Redress announcement

By Catherine Hoffman
New Times Editor & Communications Officer

Posted in News

In a statement released on Friday 29 January, the federal government expressed its intention to work with states and territories on a “nationally consistent approach” regarding redress payments to survivors of child sexual abuse.

In the final recommendations released in September 2015, the Royal Commission into Institutional Responses to Child Sexual Abuse recommended a national redress scheme, estimated to cost $4.3 billion over 10 years and underwritten by the federal government, to ensure justice for survivors. The Chair of the Commission, Justice Peter McClellan, shared this recommendation with the members of the 14th Triennial Assembly of the Uniting Church in July last year.

The recent statement indicates that the government favours a national approach to compensation, rather than a single national scheme:

“The Commonwealth’s starting point for these discussions is that governments and non-government institutions should take essential responsibility for the wrongs committed under their care,” Attorney General Senator George Brandis and the Minister for Social Services, Christian Porter, said in the statement.

While some institutions and survivor groups have indicated their disappointment that the recommendation of a national scheme has not been followed up, others were pleased to see the federal government starting to take action on the issue of redress.

“This commitment by the government is important, because a nationally consistent approach has been identified as best meeting the needs of survivors,” says Uniting Church President Stuart McMillan.

“The government previously thought a single national scheme was too complex and difficult to resource, so we acknowledge and thank the government for its principled change of position towards a national approach.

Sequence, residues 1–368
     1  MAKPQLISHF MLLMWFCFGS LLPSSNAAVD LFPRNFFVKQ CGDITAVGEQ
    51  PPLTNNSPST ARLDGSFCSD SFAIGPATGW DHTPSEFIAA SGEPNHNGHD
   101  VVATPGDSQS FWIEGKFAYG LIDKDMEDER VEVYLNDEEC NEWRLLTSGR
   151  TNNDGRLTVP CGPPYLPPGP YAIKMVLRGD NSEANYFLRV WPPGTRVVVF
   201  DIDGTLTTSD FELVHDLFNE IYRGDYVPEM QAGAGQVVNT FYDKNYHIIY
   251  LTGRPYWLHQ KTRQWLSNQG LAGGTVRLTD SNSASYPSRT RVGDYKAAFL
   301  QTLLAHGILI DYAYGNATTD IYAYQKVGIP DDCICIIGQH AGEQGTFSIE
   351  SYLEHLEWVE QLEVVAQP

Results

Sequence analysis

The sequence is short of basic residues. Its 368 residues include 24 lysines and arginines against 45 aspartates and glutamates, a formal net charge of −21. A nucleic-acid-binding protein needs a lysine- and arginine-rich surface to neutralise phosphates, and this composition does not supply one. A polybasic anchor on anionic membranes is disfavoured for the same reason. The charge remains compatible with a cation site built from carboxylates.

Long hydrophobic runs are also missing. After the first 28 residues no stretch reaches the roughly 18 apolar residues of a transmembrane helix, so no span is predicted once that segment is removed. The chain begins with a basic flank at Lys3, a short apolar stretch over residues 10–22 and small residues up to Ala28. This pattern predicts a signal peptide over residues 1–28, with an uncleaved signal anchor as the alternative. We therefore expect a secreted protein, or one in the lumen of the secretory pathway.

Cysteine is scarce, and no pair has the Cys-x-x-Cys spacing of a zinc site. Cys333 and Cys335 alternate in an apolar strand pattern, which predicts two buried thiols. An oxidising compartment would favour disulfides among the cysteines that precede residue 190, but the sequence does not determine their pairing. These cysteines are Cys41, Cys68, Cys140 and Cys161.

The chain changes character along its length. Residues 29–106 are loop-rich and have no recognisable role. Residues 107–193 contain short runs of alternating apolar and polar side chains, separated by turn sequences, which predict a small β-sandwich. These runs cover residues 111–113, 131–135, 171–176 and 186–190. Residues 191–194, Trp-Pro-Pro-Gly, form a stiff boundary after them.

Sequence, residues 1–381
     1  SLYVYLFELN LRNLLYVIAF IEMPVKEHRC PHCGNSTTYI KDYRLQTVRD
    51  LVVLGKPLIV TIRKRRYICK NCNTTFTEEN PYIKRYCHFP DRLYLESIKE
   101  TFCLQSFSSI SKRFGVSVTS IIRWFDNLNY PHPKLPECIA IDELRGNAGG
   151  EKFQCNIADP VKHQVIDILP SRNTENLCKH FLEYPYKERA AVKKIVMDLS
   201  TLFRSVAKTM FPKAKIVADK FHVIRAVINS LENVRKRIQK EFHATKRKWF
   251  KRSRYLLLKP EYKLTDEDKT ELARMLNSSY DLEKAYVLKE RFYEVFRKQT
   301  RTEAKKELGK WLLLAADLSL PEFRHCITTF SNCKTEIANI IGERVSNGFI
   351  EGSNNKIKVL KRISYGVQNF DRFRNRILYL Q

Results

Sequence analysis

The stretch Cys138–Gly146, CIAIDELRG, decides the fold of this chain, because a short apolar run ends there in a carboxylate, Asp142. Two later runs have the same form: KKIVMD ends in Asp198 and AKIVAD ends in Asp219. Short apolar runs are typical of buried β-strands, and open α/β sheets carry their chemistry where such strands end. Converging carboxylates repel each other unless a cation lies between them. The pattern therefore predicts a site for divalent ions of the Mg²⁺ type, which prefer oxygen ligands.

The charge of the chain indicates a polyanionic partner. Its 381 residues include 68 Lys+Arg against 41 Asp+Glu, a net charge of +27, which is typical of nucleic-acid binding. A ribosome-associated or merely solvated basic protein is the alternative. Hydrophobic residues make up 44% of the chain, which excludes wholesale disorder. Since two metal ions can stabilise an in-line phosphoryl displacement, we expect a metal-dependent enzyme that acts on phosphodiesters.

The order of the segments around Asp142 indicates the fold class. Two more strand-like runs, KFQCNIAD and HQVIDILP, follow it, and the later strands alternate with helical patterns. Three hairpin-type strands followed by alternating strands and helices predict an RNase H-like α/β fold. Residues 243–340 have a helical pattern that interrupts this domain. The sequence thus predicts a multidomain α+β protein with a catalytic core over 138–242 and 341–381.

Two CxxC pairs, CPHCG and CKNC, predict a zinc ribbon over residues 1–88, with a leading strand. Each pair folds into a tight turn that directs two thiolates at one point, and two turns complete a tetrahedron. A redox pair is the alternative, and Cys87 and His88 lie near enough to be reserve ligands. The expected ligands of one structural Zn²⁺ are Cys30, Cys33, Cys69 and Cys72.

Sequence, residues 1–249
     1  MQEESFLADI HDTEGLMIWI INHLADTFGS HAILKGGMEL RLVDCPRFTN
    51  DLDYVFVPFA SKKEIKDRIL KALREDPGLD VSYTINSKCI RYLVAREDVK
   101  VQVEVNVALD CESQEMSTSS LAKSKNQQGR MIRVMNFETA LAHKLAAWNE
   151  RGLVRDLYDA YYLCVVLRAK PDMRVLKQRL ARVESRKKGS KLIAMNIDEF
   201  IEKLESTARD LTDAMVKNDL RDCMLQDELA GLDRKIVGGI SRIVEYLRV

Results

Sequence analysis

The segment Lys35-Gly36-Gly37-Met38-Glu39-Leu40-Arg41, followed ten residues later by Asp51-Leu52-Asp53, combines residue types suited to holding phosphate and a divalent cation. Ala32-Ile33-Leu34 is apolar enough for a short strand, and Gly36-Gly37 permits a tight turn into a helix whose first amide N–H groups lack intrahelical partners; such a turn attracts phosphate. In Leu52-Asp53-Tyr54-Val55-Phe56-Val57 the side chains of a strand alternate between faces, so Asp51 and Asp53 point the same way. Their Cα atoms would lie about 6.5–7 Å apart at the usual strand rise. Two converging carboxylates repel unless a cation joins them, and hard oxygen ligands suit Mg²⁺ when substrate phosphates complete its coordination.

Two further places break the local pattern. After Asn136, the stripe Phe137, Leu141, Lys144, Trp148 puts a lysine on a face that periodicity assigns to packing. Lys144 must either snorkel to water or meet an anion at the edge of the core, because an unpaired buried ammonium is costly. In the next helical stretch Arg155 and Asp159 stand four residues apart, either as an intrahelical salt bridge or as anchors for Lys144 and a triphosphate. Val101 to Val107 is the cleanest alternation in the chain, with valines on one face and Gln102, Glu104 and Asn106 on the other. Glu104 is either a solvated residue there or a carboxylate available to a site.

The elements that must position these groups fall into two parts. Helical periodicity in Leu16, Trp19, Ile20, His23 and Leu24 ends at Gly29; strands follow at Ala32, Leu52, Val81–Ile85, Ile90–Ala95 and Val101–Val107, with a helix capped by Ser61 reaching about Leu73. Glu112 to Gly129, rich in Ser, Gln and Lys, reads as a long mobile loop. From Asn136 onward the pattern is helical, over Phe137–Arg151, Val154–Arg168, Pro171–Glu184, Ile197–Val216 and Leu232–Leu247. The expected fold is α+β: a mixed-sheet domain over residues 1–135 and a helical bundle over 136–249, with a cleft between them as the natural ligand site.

“It is the Uniting Church’s view that the outcome of this approach must deliver adequate funding to implement and sustain a national response that includes flexible arrangements for counselling and psychological care for survivors and funder of last resort arrangements.”

According to the recent statement, the government will soon commence discussions with states and territories about core principles and processes for the assessment and payment of redress.

The Uniting Church in Australia acknowledges, apologises and expresses its deep regrets to any children who were sexually abused in its care, and is committed to working with survivors to make amends for what happened in the past.

“As a church that’s committed to justice and reconciliation, we continue to hope and pray that the Royal Commission process will provide an opportunity for healing, justice and reconciliation for all those who have suffered,” says Stuart.

“We are absolutely committed to promoting a child safe culture across our church councils, schools and agencies to make our church the safest place it can possibly be for children.”

More information about the Royal Commission into Institutional Responses to Child Sexual Abuse will be published in New Times as it becomes available.

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